Samsung has become the first semiconductor company to start mass-producing chips on the three-nanometre process node, which will enable smaller and more power-efficient devices. But while the South Korean company has hailed the breakthrough, it is unlikely to tempt customers away from chip production market leader TSMC, which is set to unveil its own 3nm process in the coming weeks.
In an announcement made earlier today, Samsung said production lines at its Hwaseong Campus can now churn out chips which achieve 45% reduced power usage while delivering 23% improved performance and taking up 16% less space than current, leading-edge 5nm chips.
Initially, these will be used for high-performance computing, but Samsung says the technology will soon be ready for mobile devices.
“Samsung has grown rapidly as we continue to demonstrate leadership in applying next-generation technologies to manufacturing,” said Dr Siyoung Choi, president and head of foundry business at Samsung Electronics. “We seek to continue this leadership with the world’s first 3nm process.”
Samsung wins the 3nm chip race
Samsung and Taiwan’s TSMC are the only two companies in the world currently capable of producing large volumes of leading-edge chips at the lowest process nodes.
Both companies have been racing to deliver 3nm, with Samsung having committed to have its process up and running by the end of Q2 this year, and TSMC stating theirs would be operational in the second half of the year. Intel is also making moves into 3nm through its new production plant in Germany, but this will not be online until 2025 and the US company is currently getting its most advanced designs manufactured by TSMC.
Alan Priestley, vice president analyst at Gartner, notes that Samsung’s announcement comes on the final day of Q2. “It means they can say they stuck to their roadmap,” he says. “That’s something which investors like to see, because if you slip a quarter the markets can start to worry.”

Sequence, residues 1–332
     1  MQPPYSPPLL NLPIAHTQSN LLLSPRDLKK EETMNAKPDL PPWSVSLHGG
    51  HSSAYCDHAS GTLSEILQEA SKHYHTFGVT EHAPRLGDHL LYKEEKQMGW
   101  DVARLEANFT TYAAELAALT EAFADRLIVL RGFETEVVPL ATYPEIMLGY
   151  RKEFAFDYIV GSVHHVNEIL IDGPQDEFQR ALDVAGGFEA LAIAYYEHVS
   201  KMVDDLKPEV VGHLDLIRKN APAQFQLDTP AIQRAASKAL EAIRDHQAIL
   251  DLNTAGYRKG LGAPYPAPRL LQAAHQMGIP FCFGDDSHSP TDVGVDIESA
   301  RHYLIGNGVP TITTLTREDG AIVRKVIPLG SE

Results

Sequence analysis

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Beyond this, Priestley says today’s announcement is marked by a distinct lack of customers. Samsung’s press release names four partners – Ansys, Cadence, Siemens and Synopsys – as initial users of the process. All these companies build software which is used in the design of chips, rather than the devices themselves.
“Normally you would say if you had a customer using it because you want that kudos,” Priestley says. “I think it’s probably going to be mainly used internally at first, and it might even be that third parties don’t start to use it until the next iteration of the technology.”
TSMC is ready to enter 3nm with customers
Gartner’s Priestley says demand already exists for the 3nm process, despite the fact that it will initially be costly. “Smartphone companies want it because we all want our phones to run for a week on a single charge like they did in the old days,” he says. “Nvidia wants it for its GPUs, and the microprocessor industry wants it because they’re chasing higher density. So there are companies that need it and can afford to use it.”
But Samsung’s hopes of hoovering up any of this business are limited, Priestley says, because most of the big players are already committed to TSMC. Last year Tech Monitor reported that Apple and Intel were both vying to be the first customer to access TSMC’s 3nm process, but the Taiwanese company is more likely to hedge its bets as it seeks to maintain its market dominance.
“You have to make decisions about which foundry you will use very early in the design process,” Priestley says. “So the companies that are going to use TSMC have already committed, and Samsung being a quarter or two ahead isn’t going to make a difference. When TSMC does it, it will launch with customers.”
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